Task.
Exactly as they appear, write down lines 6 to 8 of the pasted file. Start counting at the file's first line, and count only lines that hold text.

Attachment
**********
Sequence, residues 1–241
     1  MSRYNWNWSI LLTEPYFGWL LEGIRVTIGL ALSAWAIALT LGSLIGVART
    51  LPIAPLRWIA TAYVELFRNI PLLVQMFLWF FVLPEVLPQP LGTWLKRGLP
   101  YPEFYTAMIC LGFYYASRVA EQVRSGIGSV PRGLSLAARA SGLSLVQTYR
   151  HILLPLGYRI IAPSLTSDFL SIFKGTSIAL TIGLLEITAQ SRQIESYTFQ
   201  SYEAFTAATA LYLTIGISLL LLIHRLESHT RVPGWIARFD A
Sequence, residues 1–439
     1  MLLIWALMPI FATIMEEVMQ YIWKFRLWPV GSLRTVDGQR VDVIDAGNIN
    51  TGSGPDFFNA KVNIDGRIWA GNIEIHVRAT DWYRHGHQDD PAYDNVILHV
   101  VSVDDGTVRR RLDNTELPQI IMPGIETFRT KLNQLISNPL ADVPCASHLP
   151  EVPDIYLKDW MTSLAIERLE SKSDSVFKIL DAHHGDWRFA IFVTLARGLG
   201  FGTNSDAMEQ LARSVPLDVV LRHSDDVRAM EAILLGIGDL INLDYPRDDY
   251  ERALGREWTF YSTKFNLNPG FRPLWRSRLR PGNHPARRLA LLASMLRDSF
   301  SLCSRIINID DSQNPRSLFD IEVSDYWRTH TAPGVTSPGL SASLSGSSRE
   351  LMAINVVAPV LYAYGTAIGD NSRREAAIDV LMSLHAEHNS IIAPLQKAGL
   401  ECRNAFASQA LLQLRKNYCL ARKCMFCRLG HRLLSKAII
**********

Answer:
   201  SYEAFTAATA LYLTIGISLL LLIHRLESHT RVPGWIARFD A
Sequence, residues 1–439
     1  MLLIWALMPI FATIMEEVMQ YIWKFRLWPV GSLRTVDGQR VDVIDAGNIN